A lovely evening in Honfleur last night, an aperitif in one of the bars right on the harbour edge, and then a walk round to the restaurant ‘Les deux ponts’ by the lock for a leisurely dinner. We’d spotted an ice-creamery on our way to the restaurant, so we passed on dessert at the restaurant in favour of an ice-cream on the walk back to the hotel. And they had ‘caramel au beurre salé’, fantastic.
It was raining when we woke up this morning, disappointing but expected, so donning our rain jackets after breakfast we set off west out of Honfleur and up the first gentle climb. It didn’t rain for long, fortunately, and it was still warm. We could see the ever-widening Seine estuary, and remembered that the lady in the hotel had pointed out the beach for us on her town map, but had told us not to swim in it, because “it’s not the sea, it’s the Seine”. The road wound through a series of picturesque and beautifully kept villages, with the sea (the actual sea, not the Seine!) on our right now.
At Trouville we dipped inland briefly to cross an inlet via the bridge, and cycled through the town centre, across a series of paved squares (well, more ‘circulars’, really) and out again on a road right by the beach. There were houses between us and the beach for the most part, but occasionally there would be a break through which we could see sand and waves and sometimes the remains of a World War II bunker, grey concrete up to three feet thick in places.
At Villers we set off inland again, but this time climbing steadily. Not much to look at, so just heads down grinding upwards until we reached the top and struck off on a delightful tiny road. Which fairly quickly became a gritty track. And then grass! We turned around, retraced our tracks and took the road instead, a long, long descent into Houlgate. We followed a second inlet inland, crossed over the bridge and then headed into Cabourg for lunch. Strange place, it looks like a spider’s web on the map, although it doesn’t feel like that on the ground. The ‘spoke’ we went in on was full of shops and restaurants, so we parked up the tandem and went into a creperie for a delicious lunch.
The skies cleared whilst we were inside eating, and when we emerged, fortified for the afternoon, it was actually sunny, hurrah! We chose the next ‘spoke’ round the Cabourg wheel to escape and quickly found a good cycle path to take us onward. We were headed to ‘Pegasus Bridge’, famous for the exploits of an enormously brave bunch of British glider pilots and their crews, who flew silently in to the fields right next to this strategically vital bridge under cover of night. This tiny bunch of British forces captured the bridge from the Nazis before they could fire the explosives they had packed it with in case of just such an attack, and held it for the Allies until reinforcements arrived. There was a very well put together museum explaining it all, with a reconstruction of one of the gliders (and a nearly complete hull of one of the actual gliders). There were lots of artefacts, and amazing first-hand accounts from some of the British troops, including pictures of them then and in recent years and information about what they’d done in the rest of their lives. We spent about an hour there, then cycled across the bridge itself, and on towards the first of the Normandy landing beaches.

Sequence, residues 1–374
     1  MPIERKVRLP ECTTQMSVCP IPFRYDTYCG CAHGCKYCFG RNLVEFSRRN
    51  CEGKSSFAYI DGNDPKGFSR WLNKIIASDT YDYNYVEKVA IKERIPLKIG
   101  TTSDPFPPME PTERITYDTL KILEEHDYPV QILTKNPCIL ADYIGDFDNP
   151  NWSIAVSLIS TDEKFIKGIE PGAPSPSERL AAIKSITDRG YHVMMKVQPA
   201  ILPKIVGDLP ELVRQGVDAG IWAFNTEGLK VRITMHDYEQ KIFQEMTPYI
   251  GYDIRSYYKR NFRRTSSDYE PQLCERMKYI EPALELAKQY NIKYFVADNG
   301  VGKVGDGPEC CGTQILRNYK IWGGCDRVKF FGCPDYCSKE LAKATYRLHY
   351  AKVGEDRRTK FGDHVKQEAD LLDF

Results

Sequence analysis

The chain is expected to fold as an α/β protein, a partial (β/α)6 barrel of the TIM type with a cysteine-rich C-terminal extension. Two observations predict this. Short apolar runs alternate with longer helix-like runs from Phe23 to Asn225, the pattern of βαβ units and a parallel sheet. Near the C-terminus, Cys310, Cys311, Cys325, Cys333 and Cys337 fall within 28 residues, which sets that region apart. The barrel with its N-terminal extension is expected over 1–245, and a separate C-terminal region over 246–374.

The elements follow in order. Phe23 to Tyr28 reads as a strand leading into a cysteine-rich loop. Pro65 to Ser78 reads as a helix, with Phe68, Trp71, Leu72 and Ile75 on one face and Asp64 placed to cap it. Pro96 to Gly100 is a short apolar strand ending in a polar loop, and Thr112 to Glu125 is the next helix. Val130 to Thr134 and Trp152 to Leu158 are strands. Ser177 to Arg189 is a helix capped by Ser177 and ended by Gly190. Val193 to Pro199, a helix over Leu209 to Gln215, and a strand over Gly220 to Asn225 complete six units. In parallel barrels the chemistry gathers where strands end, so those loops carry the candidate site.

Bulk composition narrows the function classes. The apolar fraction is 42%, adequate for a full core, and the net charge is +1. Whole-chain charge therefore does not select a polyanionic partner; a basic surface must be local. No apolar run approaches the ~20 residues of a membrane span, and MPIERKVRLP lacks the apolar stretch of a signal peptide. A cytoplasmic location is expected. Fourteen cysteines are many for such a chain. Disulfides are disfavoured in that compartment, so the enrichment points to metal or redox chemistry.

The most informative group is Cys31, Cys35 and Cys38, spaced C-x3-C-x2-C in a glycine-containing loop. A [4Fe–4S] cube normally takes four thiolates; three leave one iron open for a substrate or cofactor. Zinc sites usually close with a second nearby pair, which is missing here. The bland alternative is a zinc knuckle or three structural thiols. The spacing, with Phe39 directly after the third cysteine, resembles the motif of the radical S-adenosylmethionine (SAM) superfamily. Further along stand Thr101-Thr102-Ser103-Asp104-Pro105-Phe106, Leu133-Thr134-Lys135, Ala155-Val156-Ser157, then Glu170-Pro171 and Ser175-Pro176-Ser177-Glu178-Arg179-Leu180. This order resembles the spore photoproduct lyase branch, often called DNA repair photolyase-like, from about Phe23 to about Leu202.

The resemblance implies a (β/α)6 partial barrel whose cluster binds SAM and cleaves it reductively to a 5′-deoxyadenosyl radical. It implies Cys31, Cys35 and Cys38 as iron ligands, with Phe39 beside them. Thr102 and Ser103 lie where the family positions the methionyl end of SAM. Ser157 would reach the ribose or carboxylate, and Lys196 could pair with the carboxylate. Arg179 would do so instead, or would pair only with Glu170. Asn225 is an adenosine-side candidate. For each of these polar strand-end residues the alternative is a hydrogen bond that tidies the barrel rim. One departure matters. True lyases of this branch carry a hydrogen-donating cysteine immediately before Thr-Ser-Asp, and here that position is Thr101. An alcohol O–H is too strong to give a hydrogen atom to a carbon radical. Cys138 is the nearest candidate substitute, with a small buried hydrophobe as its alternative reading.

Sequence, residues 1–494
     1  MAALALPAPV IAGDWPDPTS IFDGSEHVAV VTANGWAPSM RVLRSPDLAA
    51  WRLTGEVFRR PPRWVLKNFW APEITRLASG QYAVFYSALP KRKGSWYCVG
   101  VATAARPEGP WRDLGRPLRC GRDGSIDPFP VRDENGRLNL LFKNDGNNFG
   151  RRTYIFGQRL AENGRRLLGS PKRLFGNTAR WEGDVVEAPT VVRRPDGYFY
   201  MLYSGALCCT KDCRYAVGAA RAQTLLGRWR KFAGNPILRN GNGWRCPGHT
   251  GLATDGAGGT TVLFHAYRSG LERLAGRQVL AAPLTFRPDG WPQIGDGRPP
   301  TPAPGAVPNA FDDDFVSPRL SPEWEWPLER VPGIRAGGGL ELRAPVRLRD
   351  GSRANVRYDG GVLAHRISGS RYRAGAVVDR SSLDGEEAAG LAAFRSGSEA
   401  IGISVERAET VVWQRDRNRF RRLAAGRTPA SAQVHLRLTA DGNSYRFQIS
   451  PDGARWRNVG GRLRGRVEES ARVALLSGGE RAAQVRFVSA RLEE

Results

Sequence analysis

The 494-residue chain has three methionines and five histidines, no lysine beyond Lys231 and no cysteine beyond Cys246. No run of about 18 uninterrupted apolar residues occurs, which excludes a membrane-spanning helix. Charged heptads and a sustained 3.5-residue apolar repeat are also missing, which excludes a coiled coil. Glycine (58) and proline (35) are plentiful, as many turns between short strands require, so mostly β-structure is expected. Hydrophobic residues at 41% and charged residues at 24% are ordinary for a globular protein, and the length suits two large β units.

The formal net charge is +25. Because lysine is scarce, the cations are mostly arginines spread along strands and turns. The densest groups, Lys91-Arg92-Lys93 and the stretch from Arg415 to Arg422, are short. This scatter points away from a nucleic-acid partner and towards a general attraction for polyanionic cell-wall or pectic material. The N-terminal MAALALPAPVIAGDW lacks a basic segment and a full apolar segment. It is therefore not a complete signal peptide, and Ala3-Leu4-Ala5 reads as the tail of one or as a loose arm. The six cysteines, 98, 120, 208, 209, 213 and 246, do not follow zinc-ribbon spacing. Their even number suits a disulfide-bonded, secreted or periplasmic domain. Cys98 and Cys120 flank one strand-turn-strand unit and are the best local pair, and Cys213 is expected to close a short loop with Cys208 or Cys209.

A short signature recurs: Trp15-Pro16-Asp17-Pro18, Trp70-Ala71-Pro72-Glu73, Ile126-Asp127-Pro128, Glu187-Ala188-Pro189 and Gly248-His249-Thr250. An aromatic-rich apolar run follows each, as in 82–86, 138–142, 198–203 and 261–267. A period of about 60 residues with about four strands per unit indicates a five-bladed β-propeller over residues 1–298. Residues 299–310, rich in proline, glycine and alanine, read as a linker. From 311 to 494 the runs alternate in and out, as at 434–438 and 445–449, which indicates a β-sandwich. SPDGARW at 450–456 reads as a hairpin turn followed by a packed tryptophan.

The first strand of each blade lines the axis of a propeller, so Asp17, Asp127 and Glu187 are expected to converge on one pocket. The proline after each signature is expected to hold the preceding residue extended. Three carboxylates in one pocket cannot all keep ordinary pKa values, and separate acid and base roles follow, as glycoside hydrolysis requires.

At Ouistreham we stopped again at the ‘Museum of the Atlantic Wall’, an enormous concrete bunker five stories high, built by the Nazis as part of their defences in this area. Absolutely extraordinary, and a huge contrast from the Pegasus Bridge museum with its tales of Allied bravery and success. The bunker was full of reconstructions of the various activities carried out by the German soldiers who manned it, with their original equipment still in place, the radios marked with reminders that ‘Feind hört mit’, or ‘the enemy is listening in’. A good view ‘from the other side’, as it were, and an excellent view out to sea from the top level. The bunker was captured by British forces during the D-day invasion.
With just 5km to go we headed off west again, and cycled right along the first of the landing beaches we’ve encountered, ‘Sword’ beach. A beautiful sandy stretch with clear seas now, this is where some of the British forces landed as part of the D-day invasion on June 6th 1944. Difficult to imagine now, but it must have been terrifying.
So here we are in sunny Lion-sur-Mer. Tomorrow we’re cycling just as far as Arromanche, where we plan to visit the museum to learn more about the landings.
Click here to see today’s track.